Low Tide on Grand Pré: A Book of Lyrics

by Bliss Carman




ACROSS the harbor's tangled yards
     We watch the flaring sunset fail;
Then the forever questing stars
     File down along the vanished trail,

To no discovered country, where


     They will forgather when the hands
Of the strong Fates shall take away
     Their burdens and unloose their bands.

Westward and lone the hill-road gray
     Mounts to the skyline sheer and wan,


Where many a weary dream puts forth
     To strike the trail where they are gone.

The sleepless guide to that outland
     Is the great Mother of us all,
Whose molded dust and dew we are


     With the blown flowers by the wall.

Girt with the twilight she is grave,
     The strong companion, wise and free;
She leads beyond the dales of time,
     The earldom of the calling sea—


Beyond these dull green miles of dike,
     And gleaming breakers on the bar—
To the white kingdom of her lord,
     The nameless Word, whose breath we are.

And all the world is but a scheme


     Of busy children in the street,
A play they follow and forget
     On summer evenings, pale with heat.

The dusty courtyard flags and walls
     Are like a prison gate of stone,


To every spirit for whose breath
     The long sweet hill-winds once have blown.

But waiting in the fields for them
     I see the ancient Mother stand,
With the old courage of her smile,


     The patience of her sunbrown hand.

They heed her not, until there comes
     A breath of sleep upon their eyes,
A drift of dust upon their face;
     Then in the closing dusk they rise,


And turn to the empty doors;
     But she within whose hands alone

The days are gathered up as fruit,
     Doth habit not in brick and stone.

But where the wild shy things abide,


     Along the woodside and the wheat,
Is her abiding, deep withdrawn;
     And there, the footing of her feet.

There is no common fame of her
     Upon the corners, yet some word


Of her most secret heritage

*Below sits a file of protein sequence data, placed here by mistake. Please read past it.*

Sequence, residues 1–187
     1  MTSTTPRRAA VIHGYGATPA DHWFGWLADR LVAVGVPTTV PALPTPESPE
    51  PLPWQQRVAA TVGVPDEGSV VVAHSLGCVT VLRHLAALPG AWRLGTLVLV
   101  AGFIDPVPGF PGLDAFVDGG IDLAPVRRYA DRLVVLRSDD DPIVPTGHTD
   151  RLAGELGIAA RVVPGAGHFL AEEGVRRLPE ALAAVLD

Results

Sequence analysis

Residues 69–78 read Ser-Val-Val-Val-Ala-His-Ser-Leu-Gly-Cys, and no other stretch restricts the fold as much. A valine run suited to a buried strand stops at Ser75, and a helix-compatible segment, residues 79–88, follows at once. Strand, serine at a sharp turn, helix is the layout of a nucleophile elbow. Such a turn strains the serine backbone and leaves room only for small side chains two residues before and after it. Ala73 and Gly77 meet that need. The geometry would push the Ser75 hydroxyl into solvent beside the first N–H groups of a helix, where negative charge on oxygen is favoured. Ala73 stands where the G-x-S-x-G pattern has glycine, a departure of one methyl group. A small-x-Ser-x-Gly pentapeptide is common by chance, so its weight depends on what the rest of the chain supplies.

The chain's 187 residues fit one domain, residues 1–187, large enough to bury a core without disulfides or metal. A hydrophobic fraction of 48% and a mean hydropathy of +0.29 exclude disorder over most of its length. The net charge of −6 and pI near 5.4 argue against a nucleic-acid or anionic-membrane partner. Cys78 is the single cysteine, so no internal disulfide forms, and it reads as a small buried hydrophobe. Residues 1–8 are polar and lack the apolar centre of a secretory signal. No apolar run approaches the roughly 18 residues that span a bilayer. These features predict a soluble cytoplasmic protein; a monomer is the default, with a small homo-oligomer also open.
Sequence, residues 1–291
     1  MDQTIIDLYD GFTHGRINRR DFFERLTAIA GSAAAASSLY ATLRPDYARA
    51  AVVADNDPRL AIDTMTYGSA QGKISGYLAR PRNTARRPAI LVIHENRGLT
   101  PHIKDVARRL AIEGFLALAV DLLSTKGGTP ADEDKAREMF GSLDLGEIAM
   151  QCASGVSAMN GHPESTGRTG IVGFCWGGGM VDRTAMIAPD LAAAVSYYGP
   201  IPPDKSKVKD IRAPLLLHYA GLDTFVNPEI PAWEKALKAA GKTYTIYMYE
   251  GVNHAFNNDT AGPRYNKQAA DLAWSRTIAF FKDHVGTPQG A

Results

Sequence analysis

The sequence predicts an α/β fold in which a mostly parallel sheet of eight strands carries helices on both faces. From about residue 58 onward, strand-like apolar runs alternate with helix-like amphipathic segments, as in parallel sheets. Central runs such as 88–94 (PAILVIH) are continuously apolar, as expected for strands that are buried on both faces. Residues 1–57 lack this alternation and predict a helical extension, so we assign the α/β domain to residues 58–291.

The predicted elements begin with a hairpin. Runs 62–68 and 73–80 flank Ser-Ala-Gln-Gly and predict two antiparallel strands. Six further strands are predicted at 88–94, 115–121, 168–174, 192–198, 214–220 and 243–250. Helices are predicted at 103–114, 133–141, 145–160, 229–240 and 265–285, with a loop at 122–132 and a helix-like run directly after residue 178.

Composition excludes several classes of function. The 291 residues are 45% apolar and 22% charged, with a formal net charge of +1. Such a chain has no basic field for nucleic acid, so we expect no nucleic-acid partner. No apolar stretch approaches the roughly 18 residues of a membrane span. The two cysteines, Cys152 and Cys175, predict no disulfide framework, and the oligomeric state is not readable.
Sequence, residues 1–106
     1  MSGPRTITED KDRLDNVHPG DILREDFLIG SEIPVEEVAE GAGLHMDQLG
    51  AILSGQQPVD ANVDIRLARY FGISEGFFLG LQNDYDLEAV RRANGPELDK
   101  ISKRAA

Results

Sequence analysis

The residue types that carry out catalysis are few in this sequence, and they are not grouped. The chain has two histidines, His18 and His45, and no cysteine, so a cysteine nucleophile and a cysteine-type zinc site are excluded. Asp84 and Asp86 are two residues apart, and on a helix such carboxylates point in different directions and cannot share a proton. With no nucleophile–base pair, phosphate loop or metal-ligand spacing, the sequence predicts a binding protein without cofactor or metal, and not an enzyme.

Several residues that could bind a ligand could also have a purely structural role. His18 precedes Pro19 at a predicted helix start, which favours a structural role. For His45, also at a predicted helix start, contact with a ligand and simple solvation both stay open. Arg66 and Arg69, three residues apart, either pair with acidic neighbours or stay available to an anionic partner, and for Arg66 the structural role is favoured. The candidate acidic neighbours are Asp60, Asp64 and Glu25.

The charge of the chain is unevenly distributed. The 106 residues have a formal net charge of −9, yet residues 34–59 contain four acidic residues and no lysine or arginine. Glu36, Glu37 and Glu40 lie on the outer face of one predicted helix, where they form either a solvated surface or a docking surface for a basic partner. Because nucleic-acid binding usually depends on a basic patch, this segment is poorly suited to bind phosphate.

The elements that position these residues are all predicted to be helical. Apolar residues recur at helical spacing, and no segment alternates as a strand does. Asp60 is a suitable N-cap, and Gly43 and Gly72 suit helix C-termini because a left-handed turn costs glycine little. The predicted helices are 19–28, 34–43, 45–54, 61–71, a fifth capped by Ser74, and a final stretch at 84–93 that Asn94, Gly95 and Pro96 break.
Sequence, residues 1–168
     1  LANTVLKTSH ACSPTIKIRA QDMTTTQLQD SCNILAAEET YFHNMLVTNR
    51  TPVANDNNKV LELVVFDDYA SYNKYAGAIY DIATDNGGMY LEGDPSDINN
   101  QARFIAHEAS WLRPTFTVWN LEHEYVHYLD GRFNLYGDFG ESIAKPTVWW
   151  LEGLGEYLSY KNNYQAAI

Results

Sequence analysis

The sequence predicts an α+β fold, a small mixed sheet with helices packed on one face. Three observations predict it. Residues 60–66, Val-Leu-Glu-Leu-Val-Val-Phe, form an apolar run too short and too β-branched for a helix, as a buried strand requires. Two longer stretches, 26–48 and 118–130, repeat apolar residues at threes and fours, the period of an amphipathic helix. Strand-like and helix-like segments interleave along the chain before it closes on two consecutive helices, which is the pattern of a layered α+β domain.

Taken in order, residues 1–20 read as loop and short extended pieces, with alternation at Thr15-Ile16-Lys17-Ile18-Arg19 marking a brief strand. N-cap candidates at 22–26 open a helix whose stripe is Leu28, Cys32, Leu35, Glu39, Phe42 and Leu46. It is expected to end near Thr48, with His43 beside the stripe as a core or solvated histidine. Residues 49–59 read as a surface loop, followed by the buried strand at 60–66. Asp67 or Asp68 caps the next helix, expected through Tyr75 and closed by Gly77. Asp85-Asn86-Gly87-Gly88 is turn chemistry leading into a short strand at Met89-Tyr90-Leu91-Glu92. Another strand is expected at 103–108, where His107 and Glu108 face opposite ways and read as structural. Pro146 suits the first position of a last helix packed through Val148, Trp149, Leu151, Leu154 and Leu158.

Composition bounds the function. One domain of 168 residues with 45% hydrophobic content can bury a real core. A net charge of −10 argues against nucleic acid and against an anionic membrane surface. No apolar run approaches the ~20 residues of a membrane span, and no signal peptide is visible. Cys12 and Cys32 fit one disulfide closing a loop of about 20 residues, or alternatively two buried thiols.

Her lovers from her lips have heard.

Her daisies sprang where Chaucer went;
     Her darkling nightingales with spring
Possessed the soul of Keats for song;


     And Shelley heard her skylark sing;

With reverent clear uplifted heart
     Wordsworth beheld her daffodils;
And he became too great for haste,
     Who watched the warm green Cummer hills.


She gave the apples of her eyes
     For the delight of him who knew,
With all the wisdom of a child,
     "A bank whereon the wild thyme grew."

Still the old secret shifts, and waits


     The last interpreter; it fills"
The autumn song no ear hath heard
     Upon the dreaming Ardise hills.

The poplars babble over it
     When waking winds of dawn go by;


It fills her rivers like a voice,
     And leads her wanderers till they die.

She knows the morning ways whereon
     The windflowers and the wind confer;
Surely there is not any fear


     Upon the farthest trail with her!

And yet, what ails the fir-dark slopes,
     That all night along the whippoorwills
Cry their insatiable cry
     Across the sleeping Ardise hills?


Is it no fair mortal thing,
     Blown leaf, nor song, nor friend can stray
Beyond the bourne and bring one word
     Back the irremeable way?

The noise is hushed within the street;


     The summer twilight gathers down;
The elms are still; the moonlit spires
     Track their long shadows through the town.

With looming willows and gray dusk
     The open hillward road is pale,


And the great stars are white and few
     Above the lonely Ardise trail.

And with no haste nor any fear,
     We are as children going home
Along the marshes where the wind

     Sleeps in the cradle of the foam.